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with the rebels. On the other hand, many Nova Scotians sailed in armed vessels to fight the American " pirates," and at last a few British warships helped to drive the enemy from the coasts of the province.

The Island In 1767 almost the whole Island of St. of St. John. John (afterwards Prince Edward Island) was divided in one day amongst a few persons in Eng-

land to whom the government wished to give some-thing. Many of these people never even came to see their lands; and though they promised to send out o n e settler for each two hundred acres, and to pay yearly to the government a small sum of money, called a quit - rent, few kept their word. A little land was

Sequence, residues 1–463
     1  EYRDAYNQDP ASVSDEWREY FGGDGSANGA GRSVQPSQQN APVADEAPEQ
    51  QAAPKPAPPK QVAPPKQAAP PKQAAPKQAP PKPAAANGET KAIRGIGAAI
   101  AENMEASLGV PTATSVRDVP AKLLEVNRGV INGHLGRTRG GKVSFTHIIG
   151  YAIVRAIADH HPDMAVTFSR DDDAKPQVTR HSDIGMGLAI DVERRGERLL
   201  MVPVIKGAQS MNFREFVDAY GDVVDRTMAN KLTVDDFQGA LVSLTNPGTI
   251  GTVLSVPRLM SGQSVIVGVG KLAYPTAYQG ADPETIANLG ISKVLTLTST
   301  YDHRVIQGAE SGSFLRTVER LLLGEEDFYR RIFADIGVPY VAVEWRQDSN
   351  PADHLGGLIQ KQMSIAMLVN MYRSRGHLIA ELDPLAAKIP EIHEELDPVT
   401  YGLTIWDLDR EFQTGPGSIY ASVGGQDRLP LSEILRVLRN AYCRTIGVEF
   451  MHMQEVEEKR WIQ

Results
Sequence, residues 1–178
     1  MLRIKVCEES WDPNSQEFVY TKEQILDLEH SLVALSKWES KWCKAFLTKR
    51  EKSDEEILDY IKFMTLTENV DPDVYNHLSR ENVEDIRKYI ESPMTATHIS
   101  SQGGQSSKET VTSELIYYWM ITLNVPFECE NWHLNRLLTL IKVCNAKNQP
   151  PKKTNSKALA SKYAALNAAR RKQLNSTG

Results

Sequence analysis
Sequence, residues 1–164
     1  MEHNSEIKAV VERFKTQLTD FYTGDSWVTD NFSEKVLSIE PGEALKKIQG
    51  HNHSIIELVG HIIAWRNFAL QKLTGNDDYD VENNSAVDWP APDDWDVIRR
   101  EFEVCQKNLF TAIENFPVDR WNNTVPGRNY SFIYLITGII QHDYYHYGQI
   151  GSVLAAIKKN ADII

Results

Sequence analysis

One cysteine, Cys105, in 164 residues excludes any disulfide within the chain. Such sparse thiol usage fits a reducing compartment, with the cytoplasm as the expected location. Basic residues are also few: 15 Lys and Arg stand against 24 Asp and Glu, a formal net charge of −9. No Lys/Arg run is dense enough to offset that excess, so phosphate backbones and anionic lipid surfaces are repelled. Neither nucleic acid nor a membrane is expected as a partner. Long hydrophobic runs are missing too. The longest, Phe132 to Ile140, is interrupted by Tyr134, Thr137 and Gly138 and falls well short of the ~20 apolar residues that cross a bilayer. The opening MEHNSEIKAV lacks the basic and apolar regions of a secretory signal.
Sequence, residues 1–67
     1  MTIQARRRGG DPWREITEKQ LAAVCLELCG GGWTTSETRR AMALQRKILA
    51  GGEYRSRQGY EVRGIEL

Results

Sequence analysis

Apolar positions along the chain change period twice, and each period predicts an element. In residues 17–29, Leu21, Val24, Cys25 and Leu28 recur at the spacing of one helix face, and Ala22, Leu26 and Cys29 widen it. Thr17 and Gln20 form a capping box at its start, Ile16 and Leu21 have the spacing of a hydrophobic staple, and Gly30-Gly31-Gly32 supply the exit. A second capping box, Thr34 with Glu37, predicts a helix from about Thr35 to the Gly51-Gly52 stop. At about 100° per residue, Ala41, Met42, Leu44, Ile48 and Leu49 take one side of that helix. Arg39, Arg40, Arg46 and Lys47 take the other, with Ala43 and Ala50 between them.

held back for the support of churches and schools.,

A Separate Though there were only about one hundred

Govern-   and fifty families in the island, the people

meet. wished to have a government of their own instead of being under that of Nova Scotia. In 1769 Captain Walter Patterson, a large landowner, became governor of the island, and four years later the people were allowed to choose members for a House of Assembly, though at first it did not meet very often.



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